Not to be a downer, but I think the “chain” here is an illusion. It looks like Mama is holding the edge of the wall with her hind legs and her other ‘coonlings are just trying to be close to mom. The young’ns are moving around a bit too much to be doing anything effective and you can clearly see mama clinging onto the wall with her legs.

    Good job by mom though.

  10. Herb Hunter
    Posted June 20, 2016 at 7:22 pm | Permalink

    One thing that impressed me about raccoons I’ve observed is their inclination to assess the situation when they unexpectedly encounter me rather than reflexively flee.

    The first time I noticed that analytical response was one night when my wife awakened me to say that someone was on the roof. I went outside and startled three raccoons as they began to descend from the roof. They started to retreat then gingerly peered over the eves to see if it was really necessary to run for it.

    Since then I’ve seen similar behavior several times as when I’ve happened upon them as I walked past a dumpster.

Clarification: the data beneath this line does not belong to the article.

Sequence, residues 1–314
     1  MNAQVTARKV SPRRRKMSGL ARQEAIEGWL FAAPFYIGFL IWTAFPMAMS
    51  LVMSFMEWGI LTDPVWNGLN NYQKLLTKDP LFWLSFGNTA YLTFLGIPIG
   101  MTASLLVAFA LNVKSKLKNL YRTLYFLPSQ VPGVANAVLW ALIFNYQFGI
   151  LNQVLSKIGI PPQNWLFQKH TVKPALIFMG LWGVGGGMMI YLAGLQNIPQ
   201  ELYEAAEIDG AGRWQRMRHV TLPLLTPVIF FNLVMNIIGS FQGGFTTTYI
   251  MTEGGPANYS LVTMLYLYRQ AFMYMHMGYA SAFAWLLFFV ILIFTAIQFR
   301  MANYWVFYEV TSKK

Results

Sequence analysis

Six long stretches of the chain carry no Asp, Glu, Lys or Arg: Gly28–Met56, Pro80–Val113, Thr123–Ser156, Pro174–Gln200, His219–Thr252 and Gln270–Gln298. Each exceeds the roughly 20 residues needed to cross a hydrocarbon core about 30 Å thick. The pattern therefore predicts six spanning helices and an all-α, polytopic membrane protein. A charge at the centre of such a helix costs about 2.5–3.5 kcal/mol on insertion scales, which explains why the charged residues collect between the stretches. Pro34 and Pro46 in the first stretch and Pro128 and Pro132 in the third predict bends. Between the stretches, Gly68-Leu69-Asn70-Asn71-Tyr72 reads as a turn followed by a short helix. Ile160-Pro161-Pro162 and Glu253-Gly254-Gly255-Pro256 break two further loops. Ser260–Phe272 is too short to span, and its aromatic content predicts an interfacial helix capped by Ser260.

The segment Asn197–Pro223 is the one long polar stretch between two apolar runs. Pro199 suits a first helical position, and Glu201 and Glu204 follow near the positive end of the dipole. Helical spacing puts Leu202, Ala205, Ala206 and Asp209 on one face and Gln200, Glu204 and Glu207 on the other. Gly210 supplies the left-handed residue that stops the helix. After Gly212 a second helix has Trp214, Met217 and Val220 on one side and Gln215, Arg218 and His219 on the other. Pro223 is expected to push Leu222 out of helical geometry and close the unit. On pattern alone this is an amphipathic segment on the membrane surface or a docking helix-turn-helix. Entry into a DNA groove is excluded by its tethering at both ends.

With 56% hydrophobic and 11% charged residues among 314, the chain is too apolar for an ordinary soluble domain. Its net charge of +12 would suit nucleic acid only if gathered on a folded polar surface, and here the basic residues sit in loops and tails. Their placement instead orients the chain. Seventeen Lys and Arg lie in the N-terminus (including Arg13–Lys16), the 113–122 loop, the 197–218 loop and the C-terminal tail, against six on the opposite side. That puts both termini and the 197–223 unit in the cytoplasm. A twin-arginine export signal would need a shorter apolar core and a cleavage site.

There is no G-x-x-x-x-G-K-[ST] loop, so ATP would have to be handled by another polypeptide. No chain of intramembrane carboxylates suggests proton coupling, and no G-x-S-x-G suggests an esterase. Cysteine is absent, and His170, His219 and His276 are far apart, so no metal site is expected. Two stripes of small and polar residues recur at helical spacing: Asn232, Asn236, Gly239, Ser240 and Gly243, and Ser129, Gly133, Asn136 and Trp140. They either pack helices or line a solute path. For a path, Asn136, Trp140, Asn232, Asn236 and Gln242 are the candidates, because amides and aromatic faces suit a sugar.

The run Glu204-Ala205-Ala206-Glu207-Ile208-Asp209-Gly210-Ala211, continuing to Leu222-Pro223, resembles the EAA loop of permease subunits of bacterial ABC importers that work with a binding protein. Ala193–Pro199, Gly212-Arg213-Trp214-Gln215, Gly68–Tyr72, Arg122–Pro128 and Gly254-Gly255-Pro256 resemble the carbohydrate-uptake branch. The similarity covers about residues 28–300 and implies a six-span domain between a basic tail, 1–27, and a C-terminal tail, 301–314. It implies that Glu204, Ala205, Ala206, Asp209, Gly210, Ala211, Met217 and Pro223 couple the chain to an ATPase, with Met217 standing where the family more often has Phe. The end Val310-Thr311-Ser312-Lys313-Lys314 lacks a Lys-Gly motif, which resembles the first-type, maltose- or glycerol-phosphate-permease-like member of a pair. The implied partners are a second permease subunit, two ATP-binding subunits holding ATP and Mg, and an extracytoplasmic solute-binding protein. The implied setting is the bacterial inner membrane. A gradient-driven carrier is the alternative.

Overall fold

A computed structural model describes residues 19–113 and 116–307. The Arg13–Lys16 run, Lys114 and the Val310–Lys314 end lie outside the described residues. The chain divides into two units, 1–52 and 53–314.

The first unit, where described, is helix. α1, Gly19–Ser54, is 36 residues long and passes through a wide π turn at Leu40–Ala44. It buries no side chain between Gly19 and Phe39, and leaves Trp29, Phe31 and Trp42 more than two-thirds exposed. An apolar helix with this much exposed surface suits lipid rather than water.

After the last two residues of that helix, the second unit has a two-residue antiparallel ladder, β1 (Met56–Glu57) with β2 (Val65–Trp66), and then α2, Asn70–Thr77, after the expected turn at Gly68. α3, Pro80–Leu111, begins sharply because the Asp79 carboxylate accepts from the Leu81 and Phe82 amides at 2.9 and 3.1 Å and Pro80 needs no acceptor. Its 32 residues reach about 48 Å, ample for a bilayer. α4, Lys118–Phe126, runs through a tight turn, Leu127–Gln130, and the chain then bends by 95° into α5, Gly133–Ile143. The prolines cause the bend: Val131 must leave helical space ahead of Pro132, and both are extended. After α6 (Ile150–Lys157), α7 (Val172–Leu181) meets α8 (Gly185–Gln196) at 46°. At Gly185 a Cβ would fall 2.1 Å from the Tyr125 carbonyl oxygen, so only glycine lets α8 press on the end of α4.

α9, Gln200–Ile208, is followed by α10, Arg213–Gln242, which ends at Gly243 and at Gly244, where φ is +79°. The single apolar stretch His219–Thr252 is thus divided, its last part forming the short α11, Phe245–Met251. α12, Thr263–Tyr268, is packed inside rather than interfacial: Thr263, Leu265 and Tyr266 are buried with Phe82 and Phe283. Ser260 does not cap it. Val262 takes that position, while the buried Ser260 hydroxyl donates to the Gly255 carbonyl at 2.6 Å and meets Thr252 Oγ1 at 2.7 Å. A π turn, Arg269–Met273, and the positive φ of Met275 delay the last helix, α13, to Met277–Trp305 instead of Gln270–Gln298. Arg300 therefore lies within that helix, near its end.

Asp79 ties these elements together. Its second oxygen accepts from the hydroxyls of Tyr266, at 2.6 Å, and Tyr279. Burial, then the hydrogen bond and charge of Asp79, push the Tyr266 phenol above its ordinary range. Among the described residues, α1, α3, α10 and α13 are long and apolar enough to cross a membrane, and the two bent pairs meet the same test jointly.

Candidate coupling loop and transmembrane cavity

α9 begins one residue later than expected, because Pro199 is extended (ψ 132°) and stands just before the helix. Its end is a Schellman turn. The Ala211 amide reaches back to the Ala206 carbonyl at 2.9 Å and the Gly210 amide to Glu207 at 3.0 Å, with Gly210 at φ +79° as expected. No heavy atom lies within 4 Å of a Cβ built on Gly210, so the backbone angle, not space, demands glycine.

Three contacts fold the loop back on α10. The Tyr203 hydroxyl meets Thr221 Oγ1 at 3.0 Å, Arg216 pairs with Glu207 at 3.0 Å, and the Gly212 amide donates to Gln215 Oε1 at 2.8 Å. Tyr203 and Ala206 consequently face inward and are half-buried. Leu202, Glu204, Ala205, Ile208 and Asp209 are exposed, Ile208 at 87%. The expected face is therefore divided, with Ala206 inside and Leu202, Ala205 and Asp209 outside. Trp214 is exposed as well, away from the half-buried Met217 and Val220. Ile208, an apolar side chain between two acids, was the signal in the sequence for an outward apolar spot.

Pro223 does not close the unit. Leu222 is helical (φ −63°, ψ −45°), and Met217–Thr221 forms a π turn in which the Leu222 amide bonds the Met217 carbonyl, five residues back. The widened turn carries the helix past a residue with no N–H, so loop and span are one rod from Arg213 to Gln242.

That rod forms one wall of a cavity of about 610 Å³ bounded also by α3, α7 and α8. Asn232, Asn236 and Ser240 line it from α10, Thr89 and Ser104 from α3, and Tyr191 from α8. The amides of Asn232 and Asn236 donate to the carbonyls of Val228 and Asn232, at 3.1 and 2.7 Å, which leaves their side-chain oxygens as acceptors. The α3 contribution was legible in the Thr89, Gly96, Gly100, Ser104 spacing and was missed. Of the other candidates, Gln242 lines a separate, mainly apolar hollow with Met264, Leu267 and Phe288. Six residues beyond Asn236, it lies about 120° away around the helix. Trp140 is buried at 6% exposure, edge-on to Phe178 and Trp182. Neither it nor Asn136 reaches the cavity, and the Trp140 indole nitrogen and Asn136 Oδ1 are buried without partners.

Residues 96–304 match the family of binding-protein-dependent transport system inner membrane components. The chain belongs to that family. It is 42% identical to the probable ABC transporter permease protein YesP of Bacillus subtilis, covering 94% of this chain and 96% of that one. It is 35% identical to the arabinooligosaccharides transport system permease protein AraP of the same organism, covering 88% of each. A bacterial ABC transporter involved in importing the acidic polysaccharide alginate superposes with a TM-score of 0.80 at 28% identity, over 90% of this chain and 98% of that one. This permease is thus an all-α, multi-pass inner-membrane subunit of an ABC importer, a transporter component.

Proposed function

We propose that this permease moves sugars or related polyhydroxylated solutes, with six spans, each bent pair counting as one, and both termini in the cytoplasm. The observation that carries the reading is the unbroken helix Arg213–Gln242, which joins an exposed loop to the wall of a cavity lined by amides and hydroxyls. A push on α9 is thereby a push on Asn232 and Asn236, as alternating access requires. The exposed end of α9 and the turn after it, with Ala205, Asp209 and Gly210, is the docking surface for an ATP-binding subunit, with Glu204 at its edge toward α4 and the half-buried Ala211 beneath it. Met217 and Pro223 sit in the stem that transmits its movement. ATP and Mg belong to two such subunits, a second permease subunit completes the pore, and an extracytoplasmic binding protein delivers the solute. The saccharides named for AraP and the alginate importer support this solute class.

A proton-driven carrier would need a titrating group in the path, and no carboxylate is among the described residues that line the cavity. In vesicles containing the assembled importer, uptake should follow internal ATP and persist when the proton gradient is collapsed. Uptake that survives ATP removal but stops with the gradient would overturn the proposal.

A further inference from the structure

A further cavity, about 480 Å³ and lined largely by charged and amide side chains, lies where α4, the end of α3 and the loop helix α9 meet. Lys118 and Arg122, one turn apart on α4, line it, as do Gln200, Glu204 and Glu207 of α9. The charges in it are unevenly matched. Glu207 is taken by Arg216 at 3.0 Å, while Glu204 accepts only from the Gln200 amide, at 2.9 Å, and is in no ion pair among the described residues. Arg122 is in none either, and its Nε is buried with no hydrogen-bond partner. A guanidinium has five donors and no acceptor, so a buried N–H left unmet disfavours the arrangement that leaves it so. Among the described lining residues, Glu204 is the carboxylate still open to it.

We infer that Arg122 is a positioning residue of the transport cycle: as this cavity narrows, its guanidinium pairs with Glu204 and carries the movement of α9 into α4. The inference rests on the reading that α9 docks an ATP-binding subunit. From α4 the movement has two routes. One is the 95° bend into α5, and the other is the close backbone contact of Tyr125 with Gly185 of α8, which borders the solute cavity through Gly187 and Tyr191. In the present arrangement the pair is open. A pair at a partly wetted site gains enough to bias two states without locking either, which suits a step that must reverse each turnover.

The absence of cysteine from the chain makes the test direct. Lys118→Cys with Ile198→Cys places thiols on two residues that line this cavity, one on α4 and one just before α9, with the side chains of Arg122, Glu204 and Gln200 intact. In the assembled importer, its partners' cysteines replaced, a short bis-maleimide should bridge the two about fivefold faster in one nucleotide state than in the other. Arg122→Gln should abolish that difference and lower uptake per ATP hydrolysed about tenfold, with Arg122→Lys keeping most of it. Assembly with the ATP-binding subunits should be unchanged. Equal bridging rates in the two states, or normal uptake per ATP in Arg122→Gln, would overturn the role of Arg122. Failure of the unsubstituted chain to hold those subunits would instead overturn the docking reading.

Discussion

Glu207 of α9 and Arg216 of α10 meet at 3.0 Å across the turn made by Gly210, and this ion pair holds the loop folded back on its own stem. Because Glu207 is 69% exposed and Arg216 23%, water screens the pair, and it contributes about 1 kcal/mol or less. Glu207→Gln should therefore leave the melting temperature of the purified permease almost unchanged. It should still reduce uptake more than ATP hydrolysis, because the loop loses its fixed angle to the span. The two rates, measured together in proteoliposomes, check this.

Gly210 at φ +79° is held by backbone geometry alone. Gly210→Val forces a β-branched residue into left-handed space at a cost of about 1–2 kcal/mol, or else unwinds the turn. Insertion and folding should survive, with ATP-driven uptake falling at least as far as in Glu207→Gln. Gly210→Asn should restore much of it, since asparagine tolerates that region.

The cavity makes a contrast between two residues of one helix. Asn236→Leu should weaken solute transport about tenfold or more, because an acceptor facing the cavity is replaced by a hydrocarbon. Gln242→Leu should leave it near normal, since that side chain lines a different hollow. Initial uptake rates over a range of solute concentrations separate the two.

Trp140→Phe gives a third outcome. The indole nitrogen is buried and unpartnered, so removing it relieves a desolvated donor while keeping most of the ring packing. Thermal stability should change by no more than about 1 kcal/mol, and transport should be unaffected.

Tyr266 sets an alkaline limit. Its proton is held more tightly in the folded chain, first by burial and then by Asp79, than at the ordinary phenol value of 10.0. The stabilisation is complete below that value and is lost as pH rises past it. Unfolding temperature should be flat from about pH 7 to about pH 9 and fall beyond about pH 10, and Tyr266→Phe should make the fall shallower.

11. Posted June 20, 2016 at 11:45 pm | Permalink

    I had a staring contest with a young one in the backyard tree just yesterday.

    they are furry ninjas

    I remember reading bout a gang of 30 in seattle that were eating small dogs and cats….

  12. Posted June 21, 2016 at 7:57 am | Permalink

    Last night, I saw one run across the road a couple of houses down, to my next door neighbour’s yard. I thought to myself that s/he’ll be at the cat dish any minute now – the cat dish that I fill with kibble for the feral cat who visits us daily. So I scooted to the backdoor and there was the feral cat waiting to be fed his cat pâté. Not far behind was the raccoon who made a beeline for the dish under the table. So I had to make up another dish with kibble and pâté, and place in at a safe distance for our feline friend who was clearly skittish coz of a very hungry and assertive raccoon. I’ve never seen that kitteh eat so fast!

  13. John Dentinger
    Posted June 21, 2016 at 11:47 am | Permalink

    Folks at my club often forget the locking bar on our club dumpster, so I keep a log nearby as a ‘coon elevator when I find one in the (almost) empty bin. It’s strange to me that they’re smart enough to figure a way IN, but not out.